RW: He did that well. So I didn't try to change that. All I tried to do was just get the most Ace that I could out of that. But it wasn't pulling teeth at all. It was all pretty easy. And also the songs, he didn't really have to stretch a whole lot to do what he had to do to just fit in the songs.
KF: After "Hotter Than Hell," what are your recollections, if any, of the near decision to take KISS to Atlantic Records prior to the third album? I believe a meeting took place and there was a potential offer from Atlantic on the table?
RW: I think it's probably true. Neil Bogart was a real bubble-gum kind of guy. And though he loved KISS I guess, all rock bands wanted to be on Atlantic, on Warner Bros., on A&M, you know? So I definitely think that it was possible that they would be ... I wouldn't remember that because I didn't deal with the business side so much. I was in the studio with he music. But I think it's probably very, very true that they would try to make a move to get to what they felt was the "rock" label that would do the best for them.
KF: Of course, the band ended up staying on Casablanca and Neil Bogart ended up producing the "Dressed To Kill" album? Were you and Kenny disappointed that you were unable to continue working with KISS?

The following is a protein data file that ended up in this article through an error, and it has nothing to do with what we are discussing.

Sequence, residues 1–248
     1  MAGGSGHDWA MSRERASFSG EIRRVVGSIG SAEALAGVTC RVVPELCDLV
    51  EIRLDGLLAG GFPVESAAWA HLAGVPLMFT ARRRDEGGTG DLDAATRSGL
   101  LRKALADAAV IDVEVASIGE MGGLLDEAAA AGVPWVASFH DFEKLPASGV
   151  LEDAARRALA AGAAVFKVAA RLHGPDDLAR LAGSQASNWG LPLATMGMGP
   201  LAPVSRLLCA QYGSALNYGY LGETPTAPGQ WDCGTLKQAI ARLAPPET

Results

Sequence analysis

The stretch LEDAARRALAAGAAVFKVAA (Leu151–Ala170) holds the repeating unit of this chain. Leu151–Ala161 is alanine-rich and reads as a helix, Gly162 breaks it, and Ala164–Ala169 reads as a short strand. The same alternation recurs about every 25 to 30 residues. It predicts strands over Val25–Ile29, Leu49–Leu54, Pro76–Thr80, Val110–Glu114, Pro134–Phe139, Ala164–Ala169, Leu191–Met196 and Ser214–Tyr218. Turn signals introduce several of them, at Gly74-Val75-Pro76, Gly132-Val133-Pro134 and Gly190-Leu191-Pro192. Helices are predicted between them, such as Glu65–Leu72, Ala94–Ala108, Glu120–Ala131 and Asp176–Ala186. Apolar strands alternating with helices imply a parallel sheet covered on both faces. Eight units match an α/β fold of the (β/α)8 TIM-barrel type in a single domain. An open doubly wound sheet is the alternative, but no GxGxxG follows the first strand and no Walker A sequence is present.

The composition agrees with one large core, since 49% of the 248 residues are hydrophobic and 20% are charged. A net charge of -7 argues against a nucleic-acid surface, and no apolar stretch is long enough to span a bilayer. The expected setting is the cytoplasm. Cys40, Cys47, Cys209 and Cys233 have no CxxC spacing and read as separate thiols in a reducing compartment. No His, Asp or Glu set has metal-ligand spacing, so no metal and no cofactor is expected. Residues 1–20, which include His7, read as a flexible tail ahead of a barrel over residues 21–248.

RW: No, we didn't want to. I think me and Kenny made a decision to move on and start producing for some other people. And I think we were doing an act for Clive Davis or something back then. Or just some other thing. We started producing a lot of different things. The second album, I don't know if it left a good taste in anybody's mouth, but I know we made ourselves sort of unavailable for the third album. Or maybe we felt that the second album was a disaster, in a way, and therefore why should we even pursue a third album? I'm surprised that they didn't work with Eddie Kramer for the third album. But they really didn't use any producer. Neil just helped them through it. I never really listened to the third album except of course the song that became their anthem.
KF: Ultimately, KISS broke through with a "live" album, 1975's "Alive!" which drew heavily on the first two albums. Do you think those recordings captured the spirit of the early KISS material better than their studio counterparts?